yourls.stats(function(result, response) {
      console.log(result.stats.total_clicks)
      //=> "98765"
      console.log(result.stats.total_links)
      //=> "123"
    })

    Optionally, this method can take a criteria containing search criteria for a sub-set of links which can be included in the result. This includes the filter (either "top", "bottom", "rand", or "last"), which can be used to control sorting, as well as limit and start, which can be used for pagination lookups. As a shortcut, the limit can be passed as the criteria itself. The minimum required in order to do this is for a limit to be specified.

    // Get top 10 links
    yourls.stats(10, function(result, response) {
      console.log(result.links.length)
      //=> 10
      console.log(result.links[0].shorturl)
      //=> "https://example.com/yourls"
      console.log(result.stats.total_links)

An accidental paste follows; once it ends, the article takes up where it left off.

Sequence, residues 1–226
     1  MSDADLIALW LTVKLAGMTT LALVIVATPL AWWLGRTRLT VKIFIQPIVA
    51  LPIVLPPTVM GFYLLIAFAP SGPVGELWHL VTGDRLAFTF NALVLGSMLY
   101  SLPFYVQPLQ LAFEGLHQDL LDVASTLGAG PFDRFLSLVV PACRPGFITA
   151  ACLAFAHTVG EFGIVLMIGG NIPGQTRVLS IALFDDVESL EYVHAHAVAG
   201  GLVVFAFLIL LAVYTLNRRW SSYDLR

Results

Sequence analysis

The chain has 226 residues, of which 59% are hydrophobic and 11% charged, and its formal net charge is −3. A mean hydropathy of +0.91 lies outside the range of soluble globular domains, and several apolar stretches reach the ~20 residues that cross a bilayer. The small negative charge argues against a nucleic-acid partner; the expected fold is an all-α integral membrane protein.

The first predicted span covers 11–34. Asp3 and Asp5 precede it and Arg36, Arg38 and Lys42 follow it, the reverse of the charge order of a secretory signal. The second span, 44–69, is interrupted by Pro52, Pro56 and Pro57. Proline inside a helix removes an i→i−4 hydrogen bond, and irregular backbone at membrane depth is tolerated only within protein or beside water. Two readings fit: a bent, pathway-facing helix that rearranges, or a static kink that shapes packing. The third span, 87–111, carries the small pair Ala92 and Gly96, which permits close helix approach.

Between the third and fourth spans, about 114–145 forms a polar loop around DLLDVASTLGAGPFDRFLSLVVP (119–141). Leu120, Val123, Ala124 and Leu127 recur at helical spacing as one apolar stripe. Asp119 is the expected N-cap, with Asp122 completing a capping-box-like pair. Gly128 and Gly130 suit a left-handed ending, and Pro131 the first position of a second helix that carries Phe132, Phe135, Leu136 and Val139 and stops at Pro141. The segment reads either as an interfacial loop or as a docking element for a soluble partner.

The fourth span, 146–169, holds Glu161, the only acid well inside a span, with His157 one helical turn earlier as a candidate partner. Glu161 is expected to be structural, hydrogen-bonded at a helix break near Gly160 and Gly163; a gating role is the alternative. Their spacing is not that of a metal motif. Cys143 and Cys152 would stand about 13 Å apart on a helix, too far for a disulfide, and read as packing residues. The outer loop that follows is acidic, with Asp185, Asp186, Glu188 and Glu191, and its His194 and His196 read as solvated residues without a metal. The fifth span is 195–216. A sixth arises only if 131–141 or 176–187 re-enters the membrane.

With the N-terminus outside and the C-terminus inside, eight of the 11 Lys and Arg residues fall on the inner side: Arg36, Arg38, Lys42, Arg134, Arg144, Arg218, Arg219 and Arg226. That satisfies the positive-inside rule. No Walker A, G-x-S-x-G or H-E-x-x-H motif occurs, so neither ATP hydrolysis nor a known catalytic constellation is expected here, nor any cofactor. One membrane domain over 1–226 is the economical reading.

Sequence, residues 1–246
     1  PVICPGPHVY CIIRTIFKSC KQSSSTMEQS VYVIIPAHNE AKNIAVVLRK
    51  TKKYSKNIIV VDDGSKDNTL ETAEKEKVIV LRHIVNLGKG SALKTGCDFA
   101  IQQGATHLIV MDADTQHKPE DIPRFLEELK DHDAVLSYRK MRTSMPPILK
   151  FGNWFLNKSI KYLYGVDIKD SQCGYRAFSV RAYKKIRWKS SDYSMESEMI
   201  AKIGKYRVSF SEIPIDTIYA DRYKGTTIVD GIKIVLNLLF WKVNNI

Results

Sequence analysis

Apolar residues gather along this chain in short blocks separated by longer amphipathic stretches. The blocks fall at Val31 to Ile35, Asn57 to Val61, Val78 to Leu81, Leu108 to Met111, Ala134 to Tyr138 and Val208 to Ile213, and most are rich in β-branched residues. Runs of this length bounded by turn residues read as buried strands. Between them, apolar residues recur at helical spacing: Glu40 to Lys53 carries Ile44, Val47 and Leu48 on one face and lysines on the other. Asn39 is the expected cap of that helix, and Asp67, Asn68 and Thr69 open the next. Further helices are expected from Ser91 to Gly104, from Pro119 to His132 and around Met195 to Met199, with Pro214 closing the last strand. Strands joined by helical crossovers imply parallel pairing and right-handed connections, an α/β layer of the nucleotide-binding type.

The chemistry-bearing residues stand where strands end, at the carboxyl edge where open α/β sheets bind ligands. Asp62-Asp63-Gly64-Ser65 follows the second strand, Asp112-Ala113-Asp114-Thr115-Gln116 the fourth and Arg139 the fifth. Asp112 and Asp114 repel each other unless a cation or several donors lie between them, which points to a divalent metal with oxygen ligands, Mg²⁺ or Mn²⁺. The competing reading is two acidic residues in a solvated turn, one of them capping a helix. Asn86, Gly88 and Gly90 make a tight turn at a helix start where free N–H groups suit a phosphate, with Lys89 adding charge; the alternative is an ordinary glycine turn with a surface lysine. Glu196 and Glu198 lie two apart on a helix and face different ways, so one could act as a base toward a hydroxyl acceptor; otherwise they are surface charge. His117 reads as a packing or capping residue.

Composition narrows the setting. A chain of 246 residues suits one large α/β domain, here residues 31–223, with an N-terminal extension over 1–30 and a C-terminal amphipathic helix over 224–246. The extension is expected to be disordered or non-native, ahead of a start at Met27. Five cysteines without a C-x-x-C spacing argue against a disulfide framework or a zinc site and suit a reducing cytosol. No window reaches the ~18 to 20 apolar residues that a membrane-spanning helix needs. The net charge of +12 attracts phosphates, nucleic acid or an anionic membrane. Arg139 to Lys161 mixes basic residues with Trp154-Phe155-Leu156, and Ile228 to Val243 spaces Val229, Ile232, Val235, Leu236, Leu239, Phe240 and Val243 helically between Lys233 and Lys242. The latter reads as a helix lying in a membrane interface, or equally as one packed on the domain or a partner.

//=> "123"
    })
     
    // Get second page of 5 newest links
    yourls.stats({ filter: 'last', limit: 5, start: 5 }, function(result, response) {
      console.log(result.links.length)
      //=> 5
      console.log(result.links[0].shorturl)
      //=> "https://example.com/abc123"
      console.log(result.stats.total_links)
      //=> "123"
    })

    yourls.db.stats(callback(result, response))

    This method does exactly the same as yourls.stats except that it only returns the statistics for all links.

    // Get link statistics
    yourls.db.stats(function(result, response) {
      console.log(result.total_clicks)
      //=> "98765"
      console.log(result.total_links)
      //=> "123"
    })

    URL Information

    yourls.url(url)

    Unlike other API calls, this method returns a wrapper for making API calls that specific to a given shortened url, which can be the keyword instead, if desired.

    // Both do the same thing:
    var yourls = yourls.url('https://example.com/yourls')
    var yourls = yourls.url('yourls')

    Just like the top-level API methods, all of the URL-specific methods return a reference to the URL wrapper to enable a clean chaining of method calls, if desired.

    Expanding

    yourls.url(url).expand(callback(result, response))

    This method expands the shortened url into the original (long) URL.

    // Get more details for link
    yourls.url('https://example.com/yourls').expand(function(result, response) {
      console.log(result.keyword)
      //=> "yourls"
      console.log(result.longurl)